Humberside Police Federation



What will I get paid if I work after 8pm?

Officers from the rank of constable to chief inspector will receive an additional 10 per cent of their basic pay for all hours worked between 8.00pm and 6.00am, including overtime. This payment is not pensionable and should be paid for each full hour actually worked. Where overtime is worked between 8.00pm and 6.00pm, the rate of the allowance is still 10 per cent of basic pay, not 10 per cent of the overtime rate. The allowance is paid in full in respect of each full hour worked – the 'Queen's half hour' is not excluded.


What will I get paid if I have to work away from home?

Changes to the arrangements for officers serving away from their normal place of duty (including on 'mutual aid' in another force area):

  • these changes apply to those officers who are deployed away from their normal place of duty whether in or out of force
  • a new 'Away from home overnight' allowance of £50 will be introduced and will be payable for every night on which an officer is 'held in reserve'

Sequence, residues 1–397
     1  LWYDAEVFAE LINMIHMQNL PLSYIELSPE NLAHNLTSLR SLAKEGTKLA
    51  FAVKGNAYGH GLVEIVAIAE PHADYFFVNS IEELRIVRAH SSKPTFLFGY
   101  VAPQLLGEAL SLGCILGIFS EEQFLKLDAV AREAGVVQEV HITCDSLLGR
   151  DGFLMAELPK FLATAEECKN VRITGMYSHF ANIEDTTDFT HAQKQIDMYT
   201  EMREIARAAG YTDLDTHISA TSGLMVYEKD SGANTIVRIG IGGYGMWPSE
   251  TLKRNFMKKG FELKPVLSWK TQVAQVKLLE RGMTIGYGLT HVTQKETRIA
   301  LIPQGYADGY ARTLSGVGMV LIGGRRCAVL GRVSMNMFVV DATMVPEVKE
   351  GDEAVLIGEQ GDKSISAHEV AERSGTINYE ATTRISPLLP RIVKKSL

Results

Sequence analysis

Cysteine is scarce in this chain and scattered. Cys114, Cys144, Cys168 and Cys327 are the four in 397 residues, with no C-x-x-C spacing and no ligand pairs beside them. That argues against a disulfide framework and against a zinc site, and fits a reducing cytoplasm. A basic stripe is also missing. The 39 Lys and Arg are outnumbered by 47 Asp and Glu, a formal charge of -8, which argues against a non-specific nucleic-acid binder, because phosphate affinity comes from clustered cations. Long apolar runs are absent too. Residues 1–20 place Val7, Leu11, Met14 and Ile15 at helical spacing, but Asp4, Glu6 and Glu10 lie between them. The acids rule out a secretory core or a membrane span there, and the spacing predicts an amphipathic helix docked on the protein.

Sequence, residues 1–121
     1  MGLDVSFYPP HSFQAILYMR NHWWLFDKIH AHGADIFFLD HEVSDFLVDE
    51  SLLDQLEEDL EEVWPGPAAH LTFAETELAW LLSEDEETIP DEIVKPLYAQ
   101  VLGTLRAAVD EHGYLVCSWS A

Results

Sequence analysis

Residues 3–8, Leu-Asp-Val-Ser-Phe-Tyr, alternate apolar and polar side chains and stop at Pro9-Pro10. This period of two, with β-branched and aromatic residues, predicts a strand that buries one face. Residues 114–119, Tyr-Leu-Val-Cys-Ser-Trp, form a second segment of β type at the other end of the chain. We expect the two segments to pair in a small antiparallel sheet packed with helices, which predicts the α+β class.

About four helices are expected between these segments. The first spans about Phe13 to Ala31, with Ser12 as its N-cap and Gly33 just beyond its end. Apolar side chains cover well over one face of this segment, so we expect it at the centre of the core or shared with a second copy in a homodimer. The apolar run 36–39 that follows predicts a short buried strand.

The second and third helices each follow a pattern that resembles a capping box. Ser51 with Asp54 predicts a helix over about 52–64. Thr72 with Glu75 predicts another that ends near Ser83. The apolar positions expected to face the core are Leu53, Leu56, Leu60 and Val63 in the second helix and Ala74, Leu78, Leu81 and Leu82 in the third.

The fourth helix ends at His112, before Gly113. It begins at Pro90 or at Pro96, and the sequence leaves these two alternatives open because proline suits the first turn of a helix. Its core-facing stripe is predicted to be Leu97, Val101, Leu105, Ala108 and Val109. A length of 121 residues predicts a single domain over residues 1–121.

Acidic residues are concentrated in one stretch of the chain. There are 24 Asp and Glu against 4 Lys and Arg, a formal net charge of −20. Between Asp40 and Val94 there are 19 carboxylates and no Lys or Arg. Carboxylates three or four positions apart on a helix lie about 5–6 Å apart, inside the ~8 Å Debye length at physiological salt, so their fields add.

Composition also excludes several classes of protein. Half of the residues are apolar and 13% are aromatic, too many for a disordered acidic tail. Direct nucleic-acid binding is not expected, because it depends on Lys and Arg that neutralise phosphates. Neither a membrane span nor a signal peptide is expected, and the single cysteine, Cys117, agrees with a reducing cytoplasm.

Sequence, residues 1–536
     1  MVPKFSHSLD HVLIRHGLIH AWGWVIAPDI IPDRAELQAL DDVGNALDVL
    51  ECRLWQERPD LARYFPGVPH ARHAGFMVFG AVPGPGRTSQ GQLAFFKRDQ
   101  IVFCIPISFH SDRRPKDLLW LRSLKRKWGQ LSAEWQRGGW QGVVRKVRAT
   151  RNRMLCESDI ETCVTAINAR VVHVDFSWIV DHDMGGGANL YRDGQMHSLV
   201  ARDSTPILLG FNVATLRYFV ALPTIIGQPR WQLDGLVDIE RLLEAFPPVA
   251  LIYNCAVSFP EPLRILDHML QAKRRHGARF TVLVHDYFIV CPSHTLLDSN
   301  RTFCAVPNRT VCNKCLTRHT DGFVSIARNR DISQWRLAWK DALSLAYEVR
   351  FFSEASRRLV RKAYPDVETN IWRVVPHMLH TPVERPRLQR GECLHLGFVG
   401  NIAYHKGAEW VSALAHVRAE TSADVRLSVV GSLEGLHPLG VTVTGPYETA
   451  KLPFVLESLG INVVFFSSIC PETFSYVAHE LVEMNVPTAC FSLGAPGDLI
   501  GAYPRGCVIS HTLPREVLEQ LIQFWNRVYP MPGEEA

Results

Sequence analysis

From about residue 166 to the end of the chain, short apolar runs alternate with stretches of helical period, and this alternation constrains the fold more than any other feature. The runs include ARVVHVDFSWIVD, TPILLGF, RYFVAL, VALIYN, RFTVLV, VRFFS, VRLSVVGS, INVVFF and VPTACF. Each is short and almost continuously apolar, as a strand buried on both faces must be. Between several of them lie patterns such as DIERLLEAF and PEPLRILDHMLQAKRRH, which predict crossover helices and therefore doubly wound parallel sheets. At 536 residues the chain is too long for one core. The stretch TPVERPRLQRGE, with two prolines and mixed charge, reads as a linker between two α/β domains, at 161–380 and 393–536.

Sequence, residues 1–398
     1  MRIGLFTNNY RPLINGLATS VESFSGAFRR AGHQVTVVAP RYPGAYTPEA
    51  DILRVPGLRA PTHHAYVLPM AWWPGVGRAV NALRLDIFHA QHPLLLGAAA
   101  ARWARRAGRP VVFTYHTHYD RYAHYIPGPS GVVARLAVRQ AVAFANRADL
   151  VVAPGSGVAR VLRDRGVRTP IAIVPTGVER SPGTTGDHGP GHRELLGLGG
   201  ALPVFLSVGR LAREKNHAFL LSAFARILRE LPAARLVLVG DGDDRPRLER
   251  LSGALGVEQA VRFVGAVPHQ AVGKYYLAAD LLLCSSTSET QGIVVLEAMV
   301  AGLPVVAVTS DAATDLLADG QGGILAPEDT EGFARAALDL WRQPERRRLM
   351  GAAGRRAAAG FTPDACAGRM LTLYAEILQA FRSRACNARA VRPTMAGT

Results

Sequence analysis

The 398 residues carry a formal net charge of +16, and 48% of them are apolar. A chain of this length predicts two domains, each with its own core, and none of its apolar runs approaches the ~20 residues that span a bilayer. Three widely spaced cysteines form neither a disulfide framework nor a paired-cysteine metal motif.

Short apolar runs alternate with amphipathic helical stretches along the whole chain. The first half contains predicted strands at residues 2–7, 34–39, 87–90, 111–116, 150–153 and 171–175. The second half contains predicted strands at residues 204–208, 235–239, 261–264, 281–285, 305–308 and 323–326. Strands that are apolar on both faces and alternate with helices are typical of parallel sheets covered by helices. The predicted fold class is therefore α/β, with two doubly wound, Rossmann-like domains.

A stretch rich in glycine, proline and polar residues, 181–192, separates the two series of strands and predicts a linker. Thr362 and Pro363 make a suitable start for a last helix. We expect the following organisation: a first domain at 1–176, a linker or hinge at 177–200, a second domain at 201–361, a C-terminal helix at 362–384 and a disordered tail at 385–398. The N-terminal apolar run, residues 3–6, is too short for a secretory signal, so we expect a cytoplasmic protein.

• an officer is 'held in reserve' if he or she is serving away from his or her normal place of duty and is required to stay in a particular, specified place rather than being allowed to return home. An officer is not 'held in reserve' if he or she is serving away from his or her normal place of duty only by reason of being on a training course or carrying out routine enquiries
  • payment of a new hardship allowance of £30 per night if 'proper accommodation' is not provided to an officer who is 'held in reserve'
  • the definition of 'proper accommodation' is a single occupancy room with use of en suite bathroom facilities